[This post will be part of the forthcoming book.]
There is a troubadour here at the bakery-cafe this afternoon where I do my work. His backpack, sleeping mat and mini guitar are all right in front of my face. I’m reminded of a few weeks ago, when I spoke of my desire on my commute to work to keep driving and not look back. I’m envious of a glorified hobo. I don’t know his life, what circumstances landed him in that position. It’s probably not as glamorous as I think it to be at the moment, and I’ve known enough starving artists, writers and musicians to know better. Philosophers without classrooms and clergy without pulpits can understand, too. I suppose this means I can relate on four different levels.
Really, I could make it to Memphis by midnight. From there, down Highway 82 to I-10 to Tallahassee by Monday evening. Atlanta is four hours from there, perhaps hang out in South Carolina until I’m slapped in the face by the fact that I’ve abandoned everything for no reason.
Would that be courage or cowardice?
We don’t have a comfortable life here in the holy city, but it’s not bad. I’m in with the man and have great opportunities at work. I’m slowly getting back into shape after years of having life crush my spirit and will to do anything to improve myself. Seneca can be trusted to be out of his kennel for more than two hours at a time.
Yet, seeing a man who has forsaken a comfortable life for whatever reason within or without his control makes me want to stare at an open road from the driver’s seat.
Courage and cowardice are very misunderstood things. Often, the outcome–that which cannot be known at the outset of the decision–determines virtue from vice. Would I run because I have anxieties that mentally deafen? Or would I run because it’s me seizing the opportunity to hit a reset button–whether or not one really exists–on my life? Is it cowardly to endure, or to escape that which demands endurance?
When we bailed on Stevens Point a few years ago for Kansas City, I tend to think of it as courageous: after having endured a scorched earth treatment from the denomination, it was time to pack up and get out of Dodge. Certainly, those self-interested, self-proclaimed ecclesiastical vanguards probably thought I was slinking out of there like a tail-tucked puppy, a coward. Was it one or the other? It was both, thus neither. It just was.
A well-resourced person under arrest is considered a flight risk, is typically denied bail and remanded to jail for prosecution. If such a suspect flees the country, is she a coward because she is escaping the legal process, or courageous because she has the will to be free? Was Laurie Bembenek a hero or a villain? In the absence of knowing enough to say one way or the other, we oughtn’t put an adjective with it. We’re only getting better at adding adjectives when we really shouldn’t. People lionize public figures who really should never be held with any regard, while many noble, wonderful people go their entire lives without ever receiving a bit of adulation.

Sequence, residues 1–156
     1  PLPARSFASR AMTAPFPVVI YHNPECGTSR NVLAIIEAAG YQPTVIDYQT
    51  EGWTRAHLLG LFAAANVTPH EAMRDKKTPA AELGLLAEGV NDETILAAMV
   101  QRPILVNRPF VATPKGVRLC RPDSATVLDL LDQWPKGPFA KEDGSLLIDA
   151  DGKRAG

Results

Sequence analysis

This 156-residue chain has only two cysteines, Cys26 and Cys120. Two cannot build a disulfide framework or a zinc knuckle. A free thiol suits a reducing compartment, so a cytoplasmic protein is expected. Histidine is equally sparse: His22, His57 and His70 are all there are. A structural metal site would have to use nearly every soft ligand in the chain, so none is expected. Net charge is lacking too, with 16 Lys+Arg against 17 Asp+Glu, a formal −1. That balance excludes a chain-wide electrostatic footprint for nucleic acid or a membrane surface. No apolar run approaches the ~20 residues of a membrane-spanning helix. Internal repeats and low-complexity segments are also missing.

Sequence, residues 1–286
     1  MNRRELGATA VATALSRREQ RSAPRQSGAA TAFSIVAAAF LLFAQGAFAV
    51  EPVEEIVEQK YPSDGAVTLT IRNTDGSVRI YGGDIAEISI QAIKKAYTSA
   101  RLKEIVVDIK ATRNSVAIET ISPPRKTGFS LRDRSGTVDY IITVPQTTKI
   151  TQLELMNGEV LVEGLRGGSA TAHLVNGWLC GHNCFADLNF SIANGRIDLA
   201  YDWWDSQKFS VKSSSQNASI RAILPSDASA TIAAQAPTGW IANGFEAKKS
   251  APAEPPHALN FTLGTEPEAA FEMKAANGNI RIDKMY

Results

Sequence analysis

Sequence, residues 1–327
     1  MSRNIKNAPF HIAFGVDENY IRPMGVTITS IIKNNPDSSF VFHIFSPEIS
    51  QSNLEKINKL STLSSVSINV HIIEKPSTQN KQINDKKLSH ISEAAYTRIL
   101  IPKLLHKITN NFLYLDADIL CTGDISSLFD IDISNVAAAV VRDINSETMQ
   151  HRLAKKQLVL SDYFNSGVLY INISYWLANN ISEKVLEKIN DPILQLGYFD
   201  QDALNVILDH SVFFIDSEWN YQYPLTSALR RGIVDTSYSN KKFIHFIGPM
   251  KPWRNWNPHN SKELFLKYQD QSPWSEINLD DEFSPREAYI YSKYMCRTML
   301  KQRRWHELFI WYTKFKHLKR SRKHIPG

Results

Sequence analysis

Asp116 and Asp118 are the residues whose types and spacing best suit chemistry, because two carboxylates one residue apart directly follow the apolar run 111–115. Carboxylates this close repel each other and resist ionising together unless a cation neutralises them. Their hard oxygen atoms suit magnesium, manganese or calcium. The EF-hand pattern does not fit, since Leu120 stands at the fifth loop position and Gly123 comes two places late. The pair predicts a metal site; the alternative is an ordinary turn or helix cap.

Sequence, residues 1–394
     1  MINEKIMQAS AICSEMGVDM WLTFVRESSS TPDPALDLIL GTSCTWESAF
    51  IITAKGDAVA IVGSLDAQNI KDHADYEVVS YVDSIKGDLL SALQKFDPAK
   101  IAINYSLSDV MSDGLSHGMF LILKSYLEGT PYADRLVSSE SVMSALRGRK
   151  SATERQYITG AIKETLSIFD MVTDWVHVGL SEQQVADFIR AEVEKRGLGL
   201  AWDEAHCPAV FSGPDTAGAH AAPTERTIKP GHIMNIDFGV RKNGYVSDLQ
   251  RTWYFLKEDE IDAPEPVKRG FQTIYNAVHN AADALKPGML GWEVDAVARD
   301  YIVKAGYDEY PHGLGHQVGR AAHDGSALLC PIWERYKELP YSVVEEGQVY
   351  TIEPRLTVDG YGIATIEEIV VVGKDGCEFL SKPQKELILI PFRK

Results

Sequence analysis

Possibilities are destroyed on a daily basis, until all that is left is a cell to which we have remanded ourselves. Fleeing, then, is an attempt to jump universes: to jump from one spider web of possibilities to another. Like Vincent Freeman becoming Jerome Morrow, one escapes one life to pursue another. It’s undeniably romantic, particularly in this American age when we go to college, rack up debt and spend the balance of our lives paying those debts off. The outstretched hand inviting someone to be stolen away is enticing. I like to think of myself as a principled man, but that desire to wander, that desire which runs counter to everything I believe I am, is so appealing.
— “Are there any options?” — “Sadly, no.”
I am courageous and a coward.
And even flying from one life to another is futile, because we are all destroying possibilities to build and furnish our cells. Life marches on to its relentless cadence; we swim like salmon to the spawning place, where we die. The cell we build is a casket. Thus we are to live prudently, interact faithfully, love carefully and realize that the life we lead will often result in us being courageous cowards. What we do with that knowledge will ensure that one of the two descriptors will endure, or at least leave our life in someone else’s field of vision long enough to inspire someone write about it.